One of the standout features of Junmai Ginjo is its fresh, gorgeous aroma and delicate taste. Most sake has a clean, light flavor that is smooth in your mouth, but there's also a type called ajiginjo, which has a rich, deep flavor.
Ginjo-shu (Ginjo sake) is made from white rice that has been polished to less than 60% and fermented at low temperatures for an extended period. This process is called ginjo-zukuri. Sake labeled as Ginjo includes brewing alcohol, while sake without brewing alcohol is labeled Junmai Ginjo.
One of the most popular Junmai Ginjo sakes that we offer is No Nature No Life. It's made with the famous Yamada Nishiki rice and grown without pesticides or fertilizers. This sake has a fruity aroma with notes of peach and a full-bodied yet refreshing taste. No Nature No Life pairs well with any meal and can be served cold or hot.
While we don't offer any Honjozo sake at Sakura Town, it's still worth learning about this type of sake, especially if you're a beginner. Honjozo sake is polished to a similar percentage as Junmai sake, between 61% and 70% of the original rice size. This results in a flavor and aroma that's quite similar to Junmai sake.
The main difference between Honjozo and Junmai sake is that Honjozo has a small amount of brewing alcohol added to it, usually less than 10% of the total weight of the rice used to make the sake. This addition of brewing alcohol gives the sake a slightly lighter and drier taste. It's important to note that this is still considered a premium type of sake, as compared to the sake that you might find at a conveyor belt sushi restaurant.
Sweet Sake for Beginners
If you're new to sake and want to try something sweet, you're in luck. Low-alcohol sakes tend to be sweeter, making them perfect for sake beginners.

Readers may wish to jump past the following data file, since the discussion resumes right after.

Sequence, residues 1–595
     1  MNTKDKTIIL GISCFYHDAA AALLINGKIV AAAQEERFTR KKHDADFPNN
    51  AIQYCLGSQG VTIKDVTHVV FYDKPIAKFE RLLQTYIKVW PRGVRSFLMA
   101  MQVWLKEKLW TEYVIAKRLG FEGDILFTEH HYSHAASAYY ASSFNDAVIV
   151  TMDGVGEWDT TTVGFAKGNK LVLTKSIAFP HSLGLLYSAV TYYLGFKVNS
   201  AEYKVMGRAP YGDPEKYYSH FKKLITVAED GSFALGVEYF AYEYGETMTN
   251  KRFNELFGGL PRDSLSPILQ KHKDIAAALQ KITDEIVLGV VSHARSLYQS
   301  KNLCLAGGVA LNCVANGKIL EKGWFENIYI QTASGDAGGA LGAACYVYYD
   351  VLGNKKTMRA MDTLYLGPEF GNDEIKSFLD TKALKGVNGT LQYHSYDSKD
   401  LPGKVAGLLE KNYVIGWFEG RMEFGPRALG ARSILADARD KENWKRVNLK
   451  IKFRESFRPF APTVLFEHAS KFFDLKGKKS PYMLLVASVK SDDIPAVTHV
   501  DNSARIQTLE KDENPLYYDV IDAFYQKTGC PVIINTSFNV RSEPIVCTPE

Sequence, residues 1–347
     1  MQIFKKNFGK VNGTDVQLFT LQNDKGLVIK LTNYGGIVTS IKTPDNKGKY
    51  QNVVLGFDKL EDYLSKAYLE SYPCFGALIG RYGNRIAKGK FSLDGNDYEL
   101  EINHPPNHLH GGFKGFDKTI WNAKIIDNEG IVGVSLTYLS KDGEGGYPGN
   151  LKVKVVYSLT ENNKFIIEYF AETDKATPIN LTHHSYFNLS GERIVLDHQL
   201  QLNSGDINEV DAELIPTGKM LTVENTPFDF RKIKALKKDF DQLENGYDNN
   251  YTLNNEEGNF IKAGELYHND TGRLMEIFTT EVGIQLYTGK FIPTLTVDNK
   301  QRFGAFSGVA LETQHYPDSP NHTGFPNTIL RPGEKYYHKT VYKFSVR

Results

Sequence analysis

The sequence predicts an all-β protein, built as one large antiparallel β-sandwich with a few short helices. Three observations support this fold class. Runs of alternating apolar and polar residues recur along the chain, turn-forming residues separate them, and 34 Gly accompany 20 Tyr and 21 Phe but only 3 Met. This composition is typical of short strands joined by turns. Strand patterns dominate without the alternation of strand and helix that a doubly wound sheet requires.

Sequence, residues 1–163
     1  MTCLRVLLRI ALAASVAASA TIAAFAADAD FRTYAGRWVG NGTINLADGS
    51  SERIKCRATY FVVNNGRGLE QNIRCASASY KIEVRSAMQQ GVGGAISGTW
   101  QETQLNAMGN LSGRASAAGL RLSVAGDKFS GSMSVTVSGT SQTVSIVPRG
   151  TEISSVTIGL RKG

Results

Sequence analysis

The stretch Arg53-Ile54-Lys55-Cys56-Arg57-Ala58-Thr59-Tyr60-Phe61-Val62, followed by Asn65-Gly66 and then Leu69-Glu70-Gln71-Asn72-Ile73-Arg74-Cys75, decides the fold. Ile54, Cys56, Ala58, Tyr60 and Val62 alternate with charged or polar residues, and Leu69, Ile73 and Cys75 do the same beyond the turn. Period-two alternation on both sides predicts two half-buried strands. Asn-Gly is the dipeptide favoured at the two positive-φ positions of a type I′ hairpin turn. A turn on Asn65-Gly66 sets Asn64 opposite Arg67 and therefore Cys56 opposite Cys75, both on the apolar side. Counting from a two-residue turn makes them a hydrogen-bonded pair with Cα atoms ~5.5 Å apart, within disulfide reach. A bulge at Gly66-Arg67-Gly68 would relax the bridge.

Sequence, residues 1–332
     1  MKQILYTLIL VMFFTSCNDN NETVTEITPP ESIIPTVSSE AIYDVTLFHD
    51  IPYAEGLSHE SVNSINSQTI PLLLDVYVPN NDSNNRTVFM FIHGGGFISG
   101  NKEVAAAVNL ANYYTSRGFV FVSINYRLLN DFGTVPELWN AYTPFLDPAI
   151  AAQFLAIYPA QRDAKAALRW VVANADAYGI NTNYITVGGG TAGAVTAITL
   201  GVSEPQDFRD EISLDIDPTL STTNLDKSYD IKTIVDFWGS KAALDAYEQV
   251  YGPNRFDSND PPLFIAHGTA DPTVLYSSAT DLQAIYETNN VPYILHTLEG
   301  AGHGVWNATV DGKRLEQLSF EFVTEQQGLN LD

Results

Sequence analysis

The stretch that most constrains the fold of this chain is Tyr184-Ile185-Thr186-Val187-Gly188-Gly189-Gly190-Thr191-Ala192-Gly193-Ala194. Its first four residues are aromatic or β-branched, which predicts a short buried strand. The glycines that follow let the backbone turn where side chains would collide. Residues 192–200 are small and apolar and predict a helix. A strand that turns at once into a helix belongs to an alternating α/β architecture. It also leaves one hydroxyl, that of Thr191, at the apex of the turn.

At Sakura Town, we recommend trying our AFAP sake. Its fruity sweetness and refreshing acidity make it tastes like a fruit-derived liquor but only has 7% alcohol by volume. This sake has a mild sweetness that goes well with spicy and fatty foods, making it an excellent choice for pairing with several dishes. For the best experience, we suggest serving it as chilled as possible.
Learn about AFAP
Best Food Pairings with Sake
Sake is a versatile beverage that can complement a wide range of foods. Its subtle flavors make it an ideal pairing for different cuisines. We believe there is no dish that sake cannot go well with.
Sake is a natural pairing for Japanese food, including sushi, sashimi, grilled fish, and soups made with dashi. But that's not all! You can pair sake with non-Japanese dishes like roasted chicken, pasta, cheese, or even barbecue.
Suppose you're serving Junmai sake, which has a rich rice aroma due to the absence of added brewer's alcohol. In that case, we recommend pairing it with well-seasoned dishes. This type of sake can balance the strong flavors of spicy, salty, or savory dishes.